Australia is a step closer to a new hydrogen production and export industry following the national science agency’s successful refuelling of two fuel cell vehicles.
CSIRO chief executive Larry Marshall was one of the first to ride in the Toyota Mirai and Hyundai Nexo vehicles powered by ultra-high purity hydrogen, produced in Queensland using CSIRO’s membrane technology.
This technology will pave the way for bulk hydrogen to be transported in the form of ammonia, using existing infrastructure, and then reconverted back to hydrogen at the point of use.
It has the potential to fill the gap in the technology chain to supply fuel cell vehicles around the world with low-emissions hydrogen sourced from Australia.
The membrane separates ultra-high purity hydrogen from ammonia, while blocking all other gases.

Energy researchers in the hydrogen lab. ©John Nguyen Photography 2016.

It links hydrogen production, distribution and delivery in the form of a modular unit that can be used at, or near, a refuelling station.
This means that the transportation and storage of hydrogen – currently a complex and relatively expensive process – is simplified, allowing bulk hydrogen to be transported economically and efficiently in the form of liquid ammonia.
Recent advances in solar and electrochemical technologies mean renewable hydrogen production is expected to become competitive with fossil fuel-based production, providing an opportunity to decarbonise both the energy and transport sectors while creating new export opportunities.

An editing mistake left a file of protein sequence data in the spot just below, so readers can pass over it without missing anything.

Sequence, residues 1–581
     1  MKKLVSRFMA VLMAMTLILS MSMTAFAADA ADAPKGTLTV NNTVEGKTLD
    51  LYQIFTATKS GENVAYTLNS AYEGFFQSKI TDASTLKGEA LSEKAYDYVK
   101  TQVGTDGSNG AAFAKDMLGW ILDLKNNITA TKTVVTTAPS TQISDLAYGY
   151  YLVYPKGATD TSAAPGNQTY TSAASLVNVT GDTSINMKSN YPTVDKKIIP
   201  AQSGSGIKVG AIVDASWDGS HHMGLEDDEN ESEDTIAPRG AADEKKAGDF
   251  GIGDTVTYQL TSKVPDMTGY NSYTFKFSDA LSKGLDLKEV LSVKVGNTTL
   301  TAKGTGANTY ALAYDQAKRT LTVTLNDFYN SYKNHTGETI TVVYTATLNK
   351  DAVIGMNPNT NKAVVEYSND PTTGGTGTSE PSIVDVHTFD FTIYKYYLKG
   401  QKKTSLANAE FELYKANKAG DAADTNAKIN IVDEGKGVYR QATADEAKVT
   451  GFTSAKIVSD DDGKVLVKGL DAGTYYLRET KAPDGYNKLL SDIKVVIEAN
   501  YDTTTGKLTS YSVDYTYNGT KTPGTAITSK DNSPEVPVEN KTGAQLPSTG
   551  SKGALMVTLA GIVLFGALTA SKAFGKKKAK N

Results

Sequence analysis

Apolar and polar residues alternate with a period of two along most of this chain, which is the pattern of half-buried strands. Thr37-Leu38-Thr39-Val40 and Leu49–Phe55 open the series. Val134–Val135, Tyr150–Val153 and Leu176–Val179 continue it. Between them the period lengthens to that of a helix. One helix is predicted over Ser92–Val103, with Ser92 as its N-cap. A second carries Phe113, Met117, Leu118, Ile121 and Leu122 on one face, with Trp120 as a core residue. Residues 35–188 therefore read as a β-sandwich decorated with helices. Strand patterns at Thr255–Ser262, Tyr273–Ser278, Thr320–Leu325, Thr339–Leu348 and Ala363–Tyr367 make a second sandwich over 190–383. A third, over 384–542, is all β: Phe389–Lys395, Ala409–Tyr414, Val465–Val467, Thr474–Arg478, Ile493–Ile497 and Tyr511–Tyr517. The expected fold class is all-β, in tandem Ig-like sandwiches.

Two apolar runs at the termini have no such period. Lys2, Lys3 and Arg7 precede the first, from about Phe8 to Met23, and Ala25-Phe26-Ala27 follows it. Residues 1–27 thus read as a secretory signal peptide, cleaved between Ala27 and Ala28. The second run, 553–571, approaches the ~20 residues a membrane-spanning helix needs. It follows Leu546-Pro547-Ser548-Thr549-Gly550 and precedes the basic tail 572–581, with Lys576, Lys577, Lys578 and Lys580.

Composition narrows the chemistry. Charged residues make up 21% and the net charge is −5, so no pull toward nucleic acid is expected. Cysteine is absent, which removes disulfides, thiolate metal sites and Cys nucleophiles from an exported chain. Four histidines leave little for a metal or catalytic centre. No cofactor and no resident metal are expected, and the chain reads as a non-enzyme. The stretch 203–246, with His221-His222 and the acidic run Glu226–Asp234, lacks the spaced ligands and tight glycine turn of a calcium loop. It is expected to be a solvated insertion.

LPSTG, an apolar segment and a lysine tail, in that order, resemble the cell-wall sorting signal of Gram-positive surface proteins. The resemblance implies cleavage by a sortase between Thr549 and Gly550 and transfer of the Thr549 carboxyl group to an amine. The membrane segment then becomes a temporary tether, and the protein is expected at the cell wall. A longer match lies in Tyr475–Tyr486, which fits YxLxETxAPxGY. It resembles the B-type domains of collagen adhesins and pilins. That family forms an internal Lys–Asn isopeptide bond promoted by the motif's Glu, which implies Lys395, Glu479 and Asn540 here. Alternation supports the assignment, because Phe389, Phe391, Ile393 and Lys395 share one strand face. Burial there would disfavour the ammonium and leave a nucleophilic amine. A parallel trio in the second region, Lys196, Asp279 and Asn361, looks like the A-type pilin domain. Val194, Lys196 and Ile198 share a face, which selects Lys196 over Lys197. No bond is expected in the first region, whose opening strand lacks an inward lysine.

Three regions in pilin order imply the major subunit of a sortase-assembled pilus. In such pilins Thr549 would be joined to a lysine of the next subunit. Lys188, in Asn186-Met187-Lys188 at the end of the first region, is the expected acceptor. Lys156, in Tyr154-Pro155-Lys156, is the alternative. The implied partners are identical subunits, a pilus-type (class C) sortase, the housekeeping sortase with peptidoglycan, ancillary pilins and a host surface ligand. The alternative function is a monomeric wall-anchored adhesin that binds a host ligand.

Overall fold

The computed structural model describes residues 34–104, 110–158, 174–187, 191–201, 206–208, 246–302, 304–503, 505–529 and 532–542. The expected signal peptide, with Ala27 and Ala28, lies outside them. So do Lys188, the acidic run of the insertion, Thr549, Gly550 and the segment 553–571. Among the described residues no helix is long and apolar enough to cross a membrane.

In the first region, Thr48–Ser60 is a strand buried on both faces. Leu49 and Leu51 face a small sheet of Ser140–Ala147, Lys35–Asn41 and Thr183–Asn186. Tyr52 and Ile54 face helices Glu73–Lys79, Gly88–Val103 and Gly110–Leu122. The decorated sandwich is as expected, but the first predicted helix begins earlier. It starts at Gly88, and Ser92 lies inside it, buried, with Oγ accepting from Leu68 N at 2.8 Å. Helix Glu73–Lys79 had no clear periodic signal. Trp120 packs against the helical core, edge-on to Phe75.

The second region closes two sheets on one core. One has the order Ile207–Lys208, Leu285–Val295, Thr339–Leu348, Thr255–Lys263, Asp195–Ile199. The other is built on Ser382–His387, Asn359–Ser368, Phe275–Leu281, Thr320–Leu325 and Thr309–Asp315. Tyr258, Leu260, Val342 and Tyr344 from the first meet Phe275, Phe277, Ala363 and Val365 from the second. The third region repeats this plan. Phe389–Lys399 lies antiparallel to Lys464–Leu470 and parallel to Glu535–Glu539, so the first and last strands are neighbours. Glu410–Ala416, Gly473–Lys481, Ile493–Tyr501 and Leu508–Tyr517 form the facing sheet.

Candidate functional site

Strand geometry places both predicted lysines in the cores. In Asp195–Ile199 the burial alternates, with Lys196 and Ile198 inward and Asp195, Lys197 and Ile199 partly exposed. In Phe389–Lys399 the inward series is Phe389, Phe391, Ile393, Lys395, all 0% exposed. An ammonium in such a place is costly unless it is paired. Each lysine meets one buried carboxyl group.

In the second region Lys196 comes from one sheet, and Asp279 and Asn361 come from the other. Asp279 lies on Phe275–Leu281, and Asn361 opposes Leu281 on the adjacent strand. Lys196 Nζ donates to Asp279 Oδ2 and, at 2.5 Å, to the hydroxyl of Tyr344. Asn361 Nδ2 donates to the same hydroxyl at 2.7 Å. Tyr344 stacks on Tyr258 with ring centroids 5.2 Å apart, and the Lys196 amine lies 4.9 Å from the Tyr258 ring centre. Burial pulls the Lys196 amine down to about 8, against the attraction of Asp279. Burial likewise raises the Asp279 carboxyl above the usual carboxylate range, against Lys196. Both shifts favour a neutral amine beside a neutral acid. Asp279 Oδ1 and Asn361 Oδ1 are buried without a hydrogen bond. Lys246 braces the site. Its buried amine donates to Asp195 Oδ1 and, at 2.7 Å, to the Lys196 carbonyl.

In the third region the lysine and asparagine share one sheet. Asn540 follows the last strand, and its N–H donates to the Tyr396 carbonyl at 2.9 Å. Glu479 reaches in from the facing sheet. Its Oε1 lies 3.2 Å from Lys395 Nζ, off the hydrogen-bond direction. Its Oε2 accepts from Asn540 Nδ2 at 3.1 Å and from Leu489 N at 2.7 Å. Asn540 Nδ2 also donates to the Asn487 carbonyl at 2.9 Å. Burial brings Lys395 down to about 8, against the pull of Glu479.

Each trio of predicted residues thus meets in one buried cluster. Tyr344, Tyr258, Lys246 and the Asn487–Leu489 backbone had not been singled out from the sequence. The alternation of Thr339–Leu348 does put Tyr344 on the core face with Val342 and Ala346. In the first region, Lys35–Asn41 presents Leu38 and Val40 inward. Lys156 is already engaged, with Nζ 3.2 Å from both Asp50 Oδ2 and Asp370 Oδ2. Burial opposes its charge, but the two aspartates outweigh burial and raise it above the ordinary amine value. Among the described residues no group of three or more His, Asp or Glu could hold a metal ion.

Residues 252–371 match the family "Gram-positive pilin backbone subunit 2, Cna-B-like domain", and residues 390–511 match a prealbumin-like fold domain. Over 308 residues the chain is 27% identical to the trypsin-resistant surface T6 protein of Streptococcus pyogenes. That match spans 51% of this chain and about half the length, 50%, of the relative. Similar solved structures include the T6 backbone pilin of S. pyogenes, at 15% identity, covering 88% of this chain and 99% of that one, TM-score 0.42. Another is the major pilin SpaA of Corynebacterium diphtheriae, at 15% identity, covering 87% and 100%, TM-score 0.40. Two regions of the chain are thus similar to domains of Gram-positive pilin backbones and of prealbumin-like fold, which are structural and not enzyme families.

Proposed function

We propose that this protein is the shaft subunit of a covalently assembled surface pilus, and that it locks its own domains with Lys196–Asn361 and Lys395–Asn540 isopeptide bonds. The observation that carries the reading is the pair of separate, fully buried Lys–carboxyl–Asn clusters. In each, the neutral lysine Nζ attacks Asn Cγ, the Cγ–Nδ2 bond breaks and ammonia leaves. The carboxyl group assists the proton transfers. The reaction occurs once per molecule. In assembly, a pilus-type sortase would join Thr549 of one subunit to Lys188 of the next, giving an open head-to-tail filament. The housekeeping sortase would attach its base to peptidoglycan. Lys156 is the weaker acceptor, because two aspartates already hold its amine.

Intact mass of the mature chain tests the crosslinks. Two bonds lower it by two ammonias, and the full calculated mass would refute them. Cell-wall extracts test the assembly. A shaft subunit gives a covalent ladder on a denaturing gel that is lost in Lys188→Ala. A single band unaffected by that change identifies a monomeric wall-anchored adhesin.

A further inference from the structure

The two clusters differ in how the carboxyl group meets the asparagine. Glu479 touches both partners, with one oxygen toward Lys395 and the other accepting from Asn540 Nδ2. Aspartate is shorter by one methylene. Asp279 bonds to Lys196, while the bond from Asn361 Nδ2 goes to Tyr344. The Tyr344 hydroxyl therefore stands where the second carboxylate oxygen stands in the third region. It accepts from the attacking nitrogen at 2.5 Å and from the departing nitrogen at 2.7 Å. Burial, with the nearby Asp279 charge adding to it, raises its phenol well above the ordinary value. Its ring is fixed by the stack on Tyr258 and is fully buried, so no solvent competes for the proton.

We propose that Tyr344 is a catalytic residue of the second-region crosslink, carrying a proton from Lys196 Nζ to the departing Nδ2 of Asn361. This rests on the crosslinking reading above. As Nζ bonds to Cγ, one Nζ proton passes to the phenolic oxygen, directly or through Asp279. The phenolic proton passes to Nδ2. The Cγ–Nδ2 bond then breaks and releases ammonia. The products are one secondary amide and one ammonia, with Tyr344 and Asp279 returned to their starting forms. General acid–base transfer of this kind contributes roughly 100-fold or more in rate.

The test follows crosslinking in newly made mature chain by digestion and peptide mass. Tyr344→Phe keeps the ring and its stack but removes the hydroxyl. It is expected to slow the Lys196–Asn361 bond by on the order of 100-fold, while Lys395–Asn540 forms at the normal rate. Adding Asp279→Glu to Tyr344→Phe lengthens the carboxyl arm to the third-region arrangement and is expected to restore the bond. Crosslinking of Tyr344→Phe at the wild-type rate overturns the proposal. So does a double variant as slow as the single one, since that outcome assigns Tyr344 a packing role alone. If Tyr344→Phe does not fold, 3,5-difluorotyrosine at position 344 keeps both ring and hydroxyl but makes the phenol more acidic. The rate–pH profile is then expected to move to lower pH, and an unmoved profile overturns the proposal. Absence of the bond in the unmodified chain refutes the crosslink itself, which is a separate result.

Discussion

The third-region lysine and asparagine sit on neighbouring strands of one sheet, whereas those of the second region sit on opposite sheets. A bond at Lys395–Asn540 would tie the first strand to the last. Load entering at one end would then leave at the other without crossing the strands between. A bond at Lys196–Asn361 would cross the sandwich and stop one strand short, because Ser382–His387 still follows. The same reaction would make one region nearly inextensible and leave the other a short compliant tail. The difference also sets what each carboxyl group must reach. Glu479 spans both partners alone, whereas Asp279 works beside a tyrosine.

CSIRO chief executive Dr Larry Marshall said he was excited by the prospect of a growing global market for clean hydrogen, and the potential for a national renewable hydrogen export industry, to benefit Australia.
“This is a watershed moment for energy, and we look forward to applying CSIRO innovation to enable this exciting renewably-sourced fuel and energy storage medium a smoother path to market,” Dr Marshall said.
“I’m delighted to see strong collaboration and the application of CSIRO know-how to what is a key part of the overall energy mix.”
BOC sales and marketing director Bruce Currie congratulated CSIRO on the successful refuelling of hydrogen fuel cell electric vehicles, which proves the effectiveness of CSIRO’s membrane technology from generation, right through to point of use.
“BOC’s innovative engineering team is proud to be collaborating with CSIRO researchers on this technology breakthrough, as we focus on advancing the hydrogen economy and global transition towards clean hydrogen for mobility and energy,” Mr Currie said.
Following this successful demonstration, the technology will be increased in scale and deployed in several larger-scale demonstrations, in Australia and abroad.
The project received $1.7 million from the Science and Industry Endowment Fund (SIEF), which was matched by CSIRO.
In addition to its membrane technology, CSIRO is applying its expertise to all stages of the hydrogen technology chain (including solar photovoltaics, solar thermal, grid management, water electrolysis, ammonia synthesis, direct ammonia utilisation via combustion and/or fuel cells, as well as hydrogen production).
 

Boeing tests hydrogen-powered aircraft